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    I normally sight in Most of my high powered rifles at 200 yards except my 45-70 I sight in at 150 yards. Practice shooting multiple targets randomly between 50 and up to 500 yards to be highly proficient with the mil dot scopes.

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    Member Big Al's Avatar
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    Triangulation. use the method developed by the military. 1,000 inches (27 yards) usually works out vary well for most rifles.

    What you do is set up your target at 27 yards. move the target back to whatever distance say at 200 yards and see how far off you are. For instance, with a .30 caliber, 180 grain bullet@ 2700 fps will put you on center again at 227 yards. I know it's and old time method used 60 years or more ago.

    A few of the old loading manual from the 1960's used to give you this information.

    Anyway, it has worked for me for a long time. If your bored, give it a try, you might be surprised. I remember I was the first time I tried it.
    "The tree of liberty must be refreshed from time to time with the blood of patriots and tryants." (Thomas Jefferson

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    I do a couple of things. I almost always sight in for 300 yards if its a 300 mag or the like.

    I will probably sight my 30-06 for 250 yards (2.5" high at 100) with my 160 GS customs.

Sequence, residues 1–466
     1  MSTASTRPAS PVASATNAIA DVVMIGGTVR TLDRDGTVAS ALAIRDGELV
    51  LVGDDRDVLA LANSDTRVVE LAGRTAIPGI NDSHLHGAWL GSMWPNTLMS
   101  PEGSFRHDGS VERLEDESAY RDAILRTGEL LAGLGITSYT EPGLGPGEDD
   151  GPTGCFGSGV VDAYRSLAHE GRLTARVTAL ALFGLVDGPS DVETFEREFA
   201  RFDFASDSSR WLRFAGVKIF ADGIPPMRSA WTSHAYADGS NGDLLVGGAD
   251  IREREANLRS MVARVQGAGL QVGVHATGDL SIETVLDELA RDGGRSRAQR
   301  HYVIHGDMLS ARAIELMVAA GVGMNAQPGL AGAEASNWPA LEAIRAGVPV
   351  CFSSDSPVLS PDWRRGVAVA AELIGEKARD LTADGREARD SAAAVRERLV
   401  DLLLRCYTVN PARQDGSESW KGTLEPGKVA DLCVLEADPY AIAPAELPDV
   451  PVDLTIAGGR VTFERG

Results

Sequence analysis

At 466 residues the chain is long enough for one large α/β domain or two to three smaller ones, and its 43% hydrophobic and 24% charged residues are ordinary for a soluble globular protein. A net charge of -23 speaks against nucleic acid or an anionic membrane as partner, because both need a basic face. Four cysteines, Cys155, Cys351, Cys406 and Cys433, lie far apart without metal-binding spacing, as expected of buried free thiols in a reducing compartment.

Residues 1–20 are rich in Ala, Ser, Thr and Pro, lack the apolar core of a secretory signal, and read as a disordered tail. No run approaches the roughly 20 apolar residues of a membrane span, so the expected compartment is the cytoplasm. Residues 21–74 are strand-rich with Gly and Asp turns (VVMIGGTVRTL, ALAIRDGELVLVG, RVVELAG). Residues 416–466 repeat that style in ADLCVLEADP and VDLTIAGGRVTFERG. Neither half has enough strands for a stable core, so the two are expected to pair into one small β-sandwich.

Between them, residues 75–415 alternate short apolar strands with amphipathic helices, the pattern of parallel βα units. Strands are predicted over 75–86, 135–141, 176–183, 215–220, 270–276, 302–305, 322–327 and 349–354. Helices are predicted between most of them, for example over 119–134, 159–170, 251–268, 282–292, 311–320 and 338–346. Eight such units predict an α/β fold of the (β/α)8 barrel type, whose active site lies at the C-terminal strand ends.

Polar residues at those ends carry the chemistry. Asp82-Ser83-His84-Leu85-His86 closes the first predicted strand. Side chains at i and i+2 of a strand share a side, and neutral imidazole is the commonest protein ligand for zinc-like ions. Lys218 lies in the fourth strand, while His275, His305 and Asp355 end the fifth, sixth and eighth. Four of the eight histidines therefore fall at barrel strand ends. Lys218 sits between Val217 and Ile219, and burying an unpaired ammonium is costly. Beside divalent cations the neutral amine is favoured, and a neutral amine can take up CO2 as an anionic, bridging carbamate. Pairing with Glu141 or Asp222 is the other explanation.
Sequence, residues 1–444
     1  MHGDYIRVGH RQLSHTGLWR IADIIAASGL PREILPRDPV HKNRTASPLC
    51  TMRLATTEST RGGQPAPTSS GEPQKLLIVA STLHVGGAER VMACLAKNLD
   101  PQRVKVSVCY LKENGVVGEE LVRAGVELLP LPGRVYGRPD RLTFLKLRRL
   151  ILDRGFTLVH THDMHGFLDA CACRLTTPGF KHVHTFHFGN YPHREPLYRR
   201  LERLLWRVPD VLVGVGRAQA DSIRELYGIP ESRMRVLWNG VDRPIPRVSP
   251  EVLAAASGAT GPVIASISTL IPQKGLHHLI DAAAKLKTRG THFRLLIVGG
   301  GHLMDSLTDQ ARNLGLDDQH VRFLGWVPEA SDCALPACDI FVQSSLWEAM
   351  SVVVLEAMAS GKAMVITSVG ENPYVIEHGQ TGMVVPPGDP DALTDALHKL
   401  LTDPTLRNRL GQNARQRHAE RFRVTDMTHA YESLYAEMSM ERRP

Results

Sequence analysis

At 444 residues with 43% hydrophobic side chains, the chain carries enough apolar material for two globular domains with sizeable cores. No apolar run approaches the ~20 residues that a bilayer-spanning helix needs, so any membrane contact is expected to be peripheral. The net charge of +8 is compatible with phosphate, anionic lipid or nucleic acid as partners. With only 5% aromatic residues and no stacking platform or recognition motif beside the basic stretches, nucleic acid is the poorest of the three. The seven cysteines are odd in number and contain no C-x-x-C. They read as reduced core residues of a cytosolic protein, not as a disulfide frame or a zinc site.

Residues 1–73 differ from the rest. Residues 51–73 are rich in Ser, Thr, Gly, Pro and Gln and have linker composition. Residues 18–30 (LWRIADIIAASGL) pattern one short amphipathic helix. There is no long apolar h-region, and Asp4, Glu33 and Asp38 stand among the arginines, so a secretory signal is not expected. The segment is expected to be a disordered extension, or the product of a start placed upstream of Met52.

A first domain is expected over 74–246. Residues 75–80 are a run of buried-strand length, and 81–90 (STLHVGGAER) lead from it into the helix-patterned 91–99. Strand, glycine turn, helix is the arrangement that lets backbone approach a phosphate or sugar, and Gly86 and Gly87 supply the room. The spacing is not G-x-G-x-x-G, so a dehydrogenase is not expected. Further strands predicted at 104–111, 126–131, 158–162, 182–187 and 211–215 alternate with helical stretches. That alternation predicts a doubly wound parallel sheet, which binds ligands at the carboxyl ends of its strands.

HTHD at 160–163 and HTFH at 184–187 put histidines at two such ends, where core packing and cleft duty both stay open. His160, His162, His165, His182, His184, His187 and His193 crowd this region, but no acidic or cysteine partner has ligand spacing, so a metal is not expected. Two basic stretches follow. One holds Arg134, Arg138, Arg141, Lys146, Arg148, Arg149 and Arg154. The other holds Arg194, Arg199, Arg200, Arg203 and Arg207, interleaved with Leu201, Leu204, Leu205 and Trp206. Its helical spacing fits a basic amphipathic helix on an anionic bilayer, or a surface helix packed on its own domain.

I am going to sight my 500S&W Handi-rifle for 50 yards like I do my pistols.
    "You have given out too much reputation in the last 24 hours, try again later".

  8. #8
    Member RMiller's Avatar
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    I may change the 30-06 160 GS custom to 2.8 inches at 100 yards for a 275 zero. Numbers look good.

    Range.....Drop...........Velocity.......Energy
    (yds)......(in)...............................(ft• lbs)
    0 ........ -1.5.............2953.1.........3097.8
    100 .......2.8.............2859.9.........2905.2
    200........2.9............ 2768.1 .........2721.7
    300..... -1.6..............2677.7..........2547.0
    400......-10.9............2589.0..........2381.0
    500 .....-25.4 ........2501.9.............2223.4
    "You have given out too much reputation in the last 24 hours, try again later".

  9. #9

    Question

    Holes are created by energy?

  10. #10

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    I guess you could say energy makes the holes.

    Anyone doing the point blank thing?

  11. #11